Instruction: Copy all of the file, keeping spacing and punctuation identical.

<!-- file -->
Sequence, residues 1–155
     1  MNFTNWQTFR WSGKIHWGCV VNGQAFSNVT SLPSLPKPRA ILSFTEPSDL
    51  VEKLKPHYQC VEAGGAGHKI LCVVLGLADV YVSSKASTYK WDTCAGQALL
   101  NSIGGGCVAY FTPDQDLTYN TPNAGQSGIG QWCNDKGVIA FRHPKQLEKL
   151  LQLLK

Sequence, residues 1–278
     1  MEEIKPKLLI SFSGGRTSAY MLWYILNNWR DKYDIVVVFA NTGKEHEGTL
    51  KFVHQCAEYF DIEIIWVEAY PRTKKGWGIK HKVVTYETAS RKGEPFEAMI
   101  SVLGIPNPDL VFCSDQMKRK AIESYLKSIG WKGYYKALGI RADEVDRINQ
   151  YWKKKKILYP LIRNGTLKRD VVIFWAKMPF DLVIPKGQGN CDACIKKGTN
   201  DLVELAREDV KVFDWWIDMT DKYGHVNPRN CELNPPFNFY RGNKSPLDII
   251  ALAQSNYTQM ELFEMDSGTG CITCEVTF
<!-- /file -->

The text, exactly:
Sequence, residues 1–155
     1  MNFTNWQTFR WSGKIHWGCV VNGQAFSNVT SLPSLPKPRA ILSFTEPSDL
    51  VEKLKPHYQC VEAGGAGHKI LCVVLGLADV YVSSKASTYK WDTCAGQALL
   101  NSIGGGCVAY FTPDQDLTYN TPNAGQSGIG QWCNDKGVIA FRHPKQLEKL
   151  LQLLK

Sequence, residues 1–278
     1  MEEIKPKLLI SFSGGRTSAY MLWYILNNWR DKYDIVVVFA NTGKEHEGTL
    51  KFVHQCAEYF DIEIIWVEAY PRTKKGWGIK HKVVTYETAS RKGEPFEAMI
   101  SVLGIPNPDL VFCSDQMKRK AIESYLKSIG WKGYYKALGI RADEVDRINQ
   151  YWKKKKILYP LIRNGTLKRD VVIFWAKMPF DLVIPKGQGN CDACIKKGTN
   201  DLVELAREDV KVFDWWIDMT DKYGHVNPRN CELNPPFNFY RGNKSPLDII
   251  ALAQSNYTQM ELFEMDSGTG CITCEVTF